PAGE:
We can make the biggest difference by starting early, and helping people avoid scary, confusing or costly legal problems. So how do we do that?
En francais ci-dessous.
This corner of the internet will be devoted to sharing ideas for effective justice education, youth experiences of the justice system, and strategies for making our system easier to access and less intimidating.
Justice education is the process of learning about how our system of law making and enforcement works, meeting people who work in the system and building the basic skills to manage the legal aspects of everyday problems. No small challenge. The good news is that there are thousands of people – in the legal professions, in the community sector, in schools – interested in finding ways to build legal capability.
A legal capable person is one who can recognize that an issue has a legal dimension, knows how and where to ask for help, and understands that resolutions of legal issues is best done early, with the potential for fair, effective results. To build these capabilities, people need a combination of knowledge about the system, skills for communicating their experience and preparing for legal processes, and, most importantly, trust that the system can produce a reliable, affordable result and that there are professionals they can rely on in the process.
Building these attitudes (of confidence in the system and trust in professionals) requires more than just information about rights and procedures. This is where justice education comes in. Opportunities to meet lawyers and judges directly, to be treated respectfully by law enforcement, to have terms explained by court staff are all easy forms of direct interaction that build trust in our justice system. Critically, these interactions need to happen before someone is in a legal conflict. The middle of a crisis is not the time to build trust. Justice education starts early and encourages open dialogue and curiosity about how the system works, and honest reflection about how it could work better.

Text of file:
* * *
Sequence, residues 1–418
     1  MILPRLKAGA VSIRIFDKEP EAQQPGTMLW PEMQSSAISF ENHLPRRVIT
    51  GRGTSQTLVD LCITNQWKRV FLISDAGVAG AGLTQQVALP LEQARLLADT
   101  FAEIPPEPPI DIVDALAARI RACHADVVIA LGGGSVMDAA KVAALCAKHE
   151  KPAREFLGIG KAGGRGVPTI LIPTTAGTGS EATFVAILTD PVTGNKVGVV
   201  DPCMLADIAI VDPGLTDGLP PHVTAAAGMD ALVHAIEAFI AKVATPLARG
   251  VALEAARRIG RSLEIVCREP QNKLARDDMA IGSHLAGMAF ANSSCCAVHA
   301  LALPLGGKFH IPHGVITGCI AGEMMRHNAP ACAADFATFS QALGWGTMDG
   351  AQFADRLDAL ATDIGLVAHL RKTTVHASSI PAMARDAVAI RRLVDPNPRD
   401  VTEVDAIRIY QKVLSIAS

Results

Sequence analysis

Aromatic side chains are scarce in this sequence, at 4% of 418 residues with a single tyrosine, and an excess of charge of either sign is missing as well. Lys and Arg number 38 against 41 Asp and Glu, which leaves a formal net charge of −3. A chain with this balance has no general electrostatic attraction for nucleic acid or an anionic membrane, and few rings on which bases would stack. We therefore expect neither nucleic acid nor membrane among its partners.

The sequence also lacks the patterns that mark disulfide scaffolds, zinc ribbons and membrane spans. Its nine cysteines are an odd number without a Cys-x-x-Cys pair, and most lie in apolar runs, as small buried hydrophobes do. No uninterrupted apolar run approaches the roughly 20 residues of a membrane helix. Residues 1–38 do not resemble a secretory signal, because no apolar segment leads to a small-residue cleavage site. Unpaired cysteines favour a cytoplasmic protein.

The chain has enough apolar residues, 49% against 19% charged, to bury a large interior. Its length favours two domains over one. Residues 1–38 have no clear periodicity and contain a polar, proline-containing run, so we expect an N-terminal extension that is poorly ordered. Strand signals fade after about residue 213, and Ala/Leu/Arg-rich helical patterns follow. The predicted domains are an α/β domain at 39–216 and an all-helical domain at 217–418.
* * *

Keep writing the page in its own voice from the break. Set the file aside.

At OJEN/ROEJ, we start early in schools, with projects for students as young as 5 years old, and in the community, with youth in neighbourhoods or youth groups who may already have a negative idea about the system based on rumours and media portrayals. Justice education exposes them to the inner workings of courthouses, law offices, tribunals and other institutions that they might need to rely on in the future.
Just as I am not afraid to ask a pharmacist a question about my health, or to call telehealth to see if I should worry about a symptom, people should also feel comfortable looking for online information about their rights, or asking a question of a paralegal or a lawyer early in a conflict, when it is still easy, cheap and low-stress. Justice education shows people the various paths to get help and builds an attitude of trust and confidence that will help them to navigate the legal aspects of their lives in the future.
At OJEN/ROEJ, judges, justices of the peace, lawyers, paralegals, law students, police, social workers, court staff and justice sector professionals are actively involved in delivering these fun, experiential opportunities in community centres, courthouses and school classrooms. They do it because they can see that it makes their jobs easier when people approach a legal problem with confidence. They also do it because it keeps these professionals connected to the community and hearing about the justice–related experiences of the public.
This blog is a forum not only for best practices or new ideas, but also for sharing those experiences of the justice system. Youth voices in particular are hard to hear amidst all of the other people clambering for justice sector reform. OJEN/ROEJ will use this space to bring some of their experiences, in their own words, to the rest of us working to enhance justice education.
By Sarah McCoubrey, OJEN/ROEJ Executive Director